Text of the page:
Breaking News
More () »

Alzheimer's Association's yearly report shows bigger health impact on caregivers in Pennsylvania

The report reveals the burden of Alzheimer's and dementia on individuals, caregivers and the nation's healthcare system.

YORK, Pa. — Photographs are all Kristin Gould of York County has to remember her mother, Janice, who was diagnosed with early onset Alzheimer's at the age of 57.  

"There's so much that you lose by having your mom start to not remember herself, but [also] you and your children and it's a very bizarre type of situation," Gould said. "People think it's all a person can't find their keys or that person doesn't remember how to make a phone call, but it's a regression back to infancy."

Eventually, her mom's body forgot how to swallow and she passed away, weighing just 78 pounds at the age of 68.

"So it really just strips you of your dignity and yourself, and you know... so... it was hard," Gould remembered.

She said the worst part for her was knowing her mom wouldn't have wanted to be taken care of in that way.

The Alzheimer's Association's 2023 Facts and Figures Report shows more than 400,000 people are living with Alzheimer's and other related dementias in Pennsylvania. Jeremy Bland with the Association's Greater Pennsylvania chapter says if you add in the more than 400,000 caregivers, that's up to a million people dealing with the disease.... and an important reason to speak up.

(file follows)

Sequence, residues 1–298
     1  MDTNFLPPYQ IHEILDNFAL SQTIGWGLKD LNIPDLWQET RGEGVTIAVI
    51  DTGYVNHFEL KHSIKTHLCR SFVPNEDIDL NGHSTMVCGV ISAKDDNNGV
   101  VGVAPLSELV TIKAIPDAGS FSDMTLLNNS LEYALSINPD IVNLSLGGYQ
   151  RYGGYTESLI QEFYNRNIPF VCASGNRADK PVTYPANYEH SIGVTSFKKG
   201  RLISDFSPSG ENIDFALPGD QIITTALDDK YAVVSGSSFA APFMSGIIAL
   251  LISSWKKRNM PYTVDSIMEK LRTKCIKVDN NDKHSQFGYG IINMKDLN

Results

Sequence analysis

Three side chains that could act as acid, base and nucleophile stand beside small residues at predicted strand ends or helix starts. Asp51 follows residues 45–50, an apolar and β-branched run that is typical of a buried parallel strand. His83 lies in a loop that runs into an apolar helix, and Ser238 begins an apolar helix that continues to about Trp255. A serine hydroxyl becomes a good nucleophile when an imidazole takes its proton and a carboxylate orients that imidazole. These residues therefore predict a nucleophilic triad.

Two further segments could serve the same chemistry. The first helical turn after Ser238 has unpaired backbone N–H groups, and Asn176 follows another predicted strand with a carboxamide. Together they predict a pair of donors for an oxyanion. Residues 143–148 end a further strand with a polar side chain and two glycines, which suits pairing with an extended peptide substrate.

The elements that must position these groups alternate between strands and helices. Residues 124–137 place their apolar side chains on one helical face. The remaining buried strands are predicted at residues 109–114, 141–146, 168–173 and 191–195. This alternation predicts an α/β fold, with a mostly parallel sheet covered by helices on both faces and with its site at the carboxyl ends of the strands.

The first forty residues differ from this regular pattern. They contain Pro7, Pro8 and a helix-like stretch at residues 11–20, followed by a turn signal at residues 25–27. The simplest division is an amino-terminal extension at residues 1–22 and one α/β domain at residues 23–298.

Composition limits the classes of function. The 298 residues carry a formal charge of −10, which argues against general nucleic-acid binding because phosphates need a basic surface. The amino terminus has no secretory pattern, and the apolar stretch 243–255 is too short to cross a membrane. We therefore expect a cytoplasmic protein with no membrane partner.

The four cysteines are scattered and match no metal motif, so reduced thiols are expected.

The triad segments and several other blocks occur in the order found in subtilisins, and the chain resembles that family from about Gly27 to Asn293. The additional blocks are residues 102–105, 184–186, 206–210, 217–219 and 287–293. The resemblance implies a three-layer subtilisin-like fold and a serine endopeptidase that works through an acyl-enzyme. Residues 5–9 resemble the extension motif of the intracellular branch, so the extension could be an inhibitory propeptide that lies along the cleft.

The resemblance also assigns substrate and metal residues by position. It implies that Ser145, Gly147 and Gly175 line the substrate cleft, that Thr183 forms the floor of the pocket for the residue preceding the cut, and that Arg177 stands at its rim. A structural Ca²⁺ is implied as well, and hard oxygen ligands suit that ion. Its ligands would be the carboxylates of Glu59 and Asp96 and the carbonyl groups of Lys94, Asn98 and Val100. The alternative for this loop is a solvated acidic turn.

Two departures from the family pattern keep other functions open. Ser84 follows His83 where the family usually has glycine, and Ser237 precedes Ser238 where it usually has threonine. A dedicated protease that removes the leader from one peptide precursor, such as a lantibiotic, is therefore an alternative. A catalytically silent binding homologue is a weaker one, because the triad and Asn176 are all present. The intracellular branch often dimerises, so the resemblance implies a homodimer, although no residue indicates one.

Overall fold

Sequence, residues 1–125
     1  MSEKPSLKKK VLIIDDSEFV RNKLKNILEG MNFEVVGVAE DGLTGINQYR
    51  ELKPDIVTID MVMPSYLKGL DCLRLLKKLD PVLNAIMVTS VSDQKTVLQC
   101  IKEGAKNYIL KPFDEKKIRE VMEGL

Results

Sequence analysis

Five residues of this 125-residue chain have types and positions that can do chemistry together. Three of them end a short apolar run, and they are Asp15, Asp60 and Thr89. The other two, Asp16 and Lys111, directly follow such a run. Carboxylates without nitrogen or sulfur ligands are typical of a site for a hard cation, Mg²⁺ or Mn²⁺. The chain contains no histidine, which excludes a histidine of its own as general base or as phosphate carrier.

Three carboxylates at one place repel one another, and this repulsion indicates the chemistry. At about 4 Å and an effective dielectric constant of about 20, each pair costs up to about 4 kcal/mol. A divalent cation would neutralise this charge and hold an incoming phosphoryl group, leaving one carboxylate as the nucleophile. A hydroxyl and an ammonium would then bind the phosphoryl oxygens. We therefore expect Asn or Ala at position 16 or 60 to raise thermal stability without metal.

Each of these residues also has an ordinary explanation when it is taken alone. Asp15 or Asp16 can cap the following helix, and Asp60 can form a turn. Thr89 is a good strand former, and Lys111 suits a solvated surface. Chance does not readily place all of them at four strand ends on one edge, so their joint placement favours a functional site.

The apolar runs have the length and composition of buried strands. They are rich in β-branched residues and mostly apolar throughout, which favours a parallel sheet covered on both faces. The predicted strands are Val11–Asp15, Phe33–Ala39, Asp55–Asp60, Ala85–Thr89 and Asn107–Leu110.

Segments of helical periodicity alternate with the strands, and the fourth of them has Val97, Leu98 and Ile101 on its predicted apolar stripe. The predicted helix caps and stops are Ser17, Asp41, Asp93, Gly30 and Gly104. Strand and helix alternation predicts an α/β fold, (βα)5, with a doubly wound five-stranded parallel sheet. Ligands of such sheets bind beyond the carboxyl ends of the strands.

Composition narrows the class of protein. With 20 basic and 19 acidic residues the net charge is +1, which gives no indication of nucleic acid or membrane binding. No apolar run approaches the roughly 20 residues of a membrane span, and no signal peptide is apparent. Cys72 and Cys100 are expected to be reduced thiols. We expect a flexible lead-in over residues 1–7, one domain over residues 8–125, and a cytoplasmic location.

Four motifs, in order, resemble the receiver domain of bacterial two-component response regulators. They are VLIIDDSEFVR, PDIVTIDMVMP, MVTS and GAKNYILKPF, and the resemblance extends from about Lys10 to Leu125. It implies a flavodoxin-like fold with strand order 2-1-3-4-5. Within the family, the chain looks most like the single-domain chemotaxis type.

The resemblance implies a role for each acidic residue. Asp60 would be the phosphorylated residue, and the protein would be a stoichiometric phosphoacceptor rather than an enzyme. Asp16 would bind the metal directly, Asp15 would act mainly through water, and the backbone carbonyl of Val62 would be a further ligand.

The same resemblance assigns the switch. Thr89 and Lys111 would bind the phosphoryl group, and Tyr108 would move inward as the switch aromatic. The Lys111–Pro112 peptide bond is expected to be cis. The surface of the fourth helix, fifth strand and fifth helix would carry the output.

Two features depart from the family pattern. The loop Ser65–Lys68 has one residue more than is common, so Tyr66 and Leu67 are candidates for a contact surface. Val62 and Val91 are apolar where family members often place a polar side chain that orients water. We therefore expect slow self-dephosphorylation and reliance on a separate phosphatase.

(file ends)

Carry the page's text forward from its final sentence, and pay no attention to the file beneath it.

"Talking about the disease, talking about the struggle, the challenges, caregivers you know, they tend to think that they're alone and they're not," said Bland.

The report highlights the urgent need for increased funding and research to find a cure. It also highlights the economic impact of the disease, with costs expected to reach $1.1 trillion by the year 2050. It also emphasizes the importance of early detection and diagnosis, something Gould can't echo enough.

"If you notice something isn't right, call not only the family doctor who can be amazing, but get to a specialist, get to the people who are schooled in Alzheimer's," Gould said.  

The Alzheimer's Association says caregivers should know they are not alone and that they can reach out to the Association at anytime. To contact the Greater Pennsylvania Chapter, click here.

For a look at the Alzheimer's Association's full report, click here.   

Download the FOX43 app here.

Before You Leave, Check This Out